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- National Diabetes Education Program: The Facts About Diabetes: A Leading Cause of Death in the U.S.
- Harvard Medical School: Glycemic Load for 100 Foods
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According to the National Diabetes Education Program, 8.3 percent of the U.S. population has diabetes. Whether you have this disease or not, limiting your high glycemic index -- GI -- carbs is a good habit to establish. The GI and glucose load -- GL -- indicate how foods affect your blood sugar and insulin levels. The lower the GI and GL, the better.
Glucose Index and Glucose Load
When you eat a meal, your blood sugar rises and falls. The quality and the quantity of the carbs you eat determine how high your blood sugar rises and how long it remains that way. The GI value defines the quality of the carbs. This value can be from 0 to 100, with 55 and below considered low on the index scale and 70 and above considered high. The GL value defines both the quality and the quantity of carbohydrate in one value, making it the best way to determine how a particular food will affect your blood sugar and insulin levels.
The formula is: GL = (GI x the amount of carbohydrate) divided by 100.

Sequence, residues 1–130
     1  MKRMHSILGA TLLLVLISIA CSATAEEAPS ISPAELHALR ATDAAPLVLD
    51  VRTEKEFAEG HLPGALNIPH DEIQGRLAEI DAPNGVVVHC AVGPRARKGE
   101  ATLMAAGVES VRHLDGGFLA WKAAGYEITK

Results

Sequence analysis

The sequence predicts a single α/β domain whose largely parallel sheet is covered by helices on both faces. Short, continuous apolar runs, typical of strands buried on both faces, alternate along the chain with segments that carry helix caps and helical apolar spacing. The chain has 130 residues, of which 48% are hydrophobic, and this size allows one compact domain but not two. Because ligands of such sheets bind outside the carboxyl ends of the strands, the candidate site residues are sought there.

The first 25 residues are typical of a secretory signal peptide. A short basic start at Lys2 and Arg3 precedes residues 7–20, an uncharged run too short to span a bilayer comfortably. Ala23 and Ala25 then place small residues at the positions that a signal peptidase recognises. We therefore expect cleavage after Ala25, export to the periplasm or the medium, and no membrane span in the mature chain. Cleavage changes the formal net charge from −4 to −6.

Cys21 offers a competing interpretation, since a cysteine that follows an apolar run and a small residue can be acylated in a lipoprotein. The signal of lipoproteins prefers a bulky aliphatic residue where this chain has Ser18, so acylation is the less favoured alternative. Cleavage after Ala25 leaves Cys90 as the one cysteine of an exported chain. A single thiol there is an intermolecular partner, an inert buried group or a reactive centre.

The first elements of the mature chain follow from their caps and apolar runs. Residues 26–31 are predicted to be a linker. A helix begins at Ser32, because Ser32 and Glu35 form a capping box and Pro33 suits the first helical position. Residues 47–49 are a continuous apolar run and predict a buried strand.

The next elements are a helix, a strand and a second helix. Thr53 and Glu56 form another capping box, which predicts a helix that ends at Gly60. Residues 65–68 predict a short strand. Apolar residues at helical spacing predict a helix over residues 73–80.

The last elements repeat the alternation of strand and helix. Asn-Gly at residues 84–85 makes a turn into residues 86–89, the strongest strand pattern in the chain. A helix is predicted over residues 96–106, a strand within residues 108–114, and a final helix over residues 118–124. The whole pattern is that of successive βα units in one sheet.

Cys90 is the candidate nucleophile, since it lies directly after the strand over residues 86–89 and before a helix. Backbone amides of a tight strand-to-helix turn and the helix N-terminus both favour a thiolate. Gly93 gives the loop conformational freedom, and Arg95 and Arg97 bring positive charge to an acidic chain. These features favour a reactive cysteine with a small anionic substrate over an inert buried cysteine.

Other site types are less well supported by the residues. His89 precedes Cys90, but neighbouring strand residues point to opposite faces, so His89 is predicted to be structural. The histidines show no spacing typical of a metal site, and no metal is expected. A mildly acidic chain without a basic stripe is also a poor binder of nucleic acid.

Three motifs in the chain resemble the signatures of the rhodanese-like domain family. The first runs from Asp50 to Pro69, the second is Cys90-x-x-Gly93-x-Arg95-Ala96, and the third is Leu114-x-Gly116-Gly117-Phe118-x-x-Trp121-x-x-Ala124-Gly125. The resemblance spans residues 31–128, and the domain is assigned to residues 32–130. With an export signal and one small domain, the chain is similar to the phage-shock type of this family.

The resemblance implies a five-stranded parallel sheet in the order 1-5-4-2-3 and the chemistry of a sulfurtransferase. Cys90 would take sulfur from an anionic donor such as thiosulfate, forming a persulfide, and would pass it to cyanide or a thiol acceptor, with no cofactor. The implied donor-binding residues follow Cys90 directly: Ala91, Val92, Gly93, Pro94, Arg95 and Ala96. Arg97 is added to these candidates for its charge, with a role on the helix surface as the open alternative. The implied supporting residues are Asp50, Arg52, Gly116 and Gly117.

For example, if an average apple has a GI of 40 and it contains 15 grams of carbohydrate, the GL value is 6: GL = 40 x 15/100 = 6 g.
According to the Harvard Medical School, good whole fruits to consider for a low-GI carb include apples, prunes and grapefruit 3. A medium-sized apple has a GI value of 39 and a GL value of 6. Three medium-sized prunes have a GI value of 29 and a GL value of 10. An average grapefruit has a GI value of 25 and a GL value of 3.
Most vegetables are low on the GI and GL scale, such as dark leafy greens, broccoli, squash and other low-starch veggies. Carrots have a GI value of 35 for 80 grams, and a GL value of 2. An average yam has a GI value of 54 and a GL value of 20, making it a better option than your typical russet potato.
Believe it or not, you can enjoy grains on a low-GI diet. The one grain that packs the most nutrition is quinoa. In a 150-gram serving, its GI value is 53 and its GL value is 13. It may be slightly high on the GL scale, but the nutrition it offers is well worth the cost. Barley offers a lower cost with its GI at 28 and its GL at 12 for a 150-gram serving. Brown rice and whole-wheat kernels are also good choices.
Beans and Nuts
Not only are beans and nuts high in protein and fiber, they weigh in with an impressive low GI value. Fifty grams of peanuts have a GI of 7 and a 0 GL. A 150-gram serving of soybeans has a GI of 15 with a 1 GL. Lentils and chickpeas also offer a low GI/GL index.
For example, if an average apple has a GI of 40 and it contains 15 grams of carbohydrate, the GL value is 6: GL = 40 x 15/100 = 6 g. Bowl of dried prunes According to the Harvard Medical School, good whole fruits to consider for a low-GI carb include apples, prunes and grapefruit. An average yam has a GI value of 54 and a GL value of 20, making it a better option than your typical russet potato. Three medium-sized prunes have a GI value of 29 and a GL value of 10.
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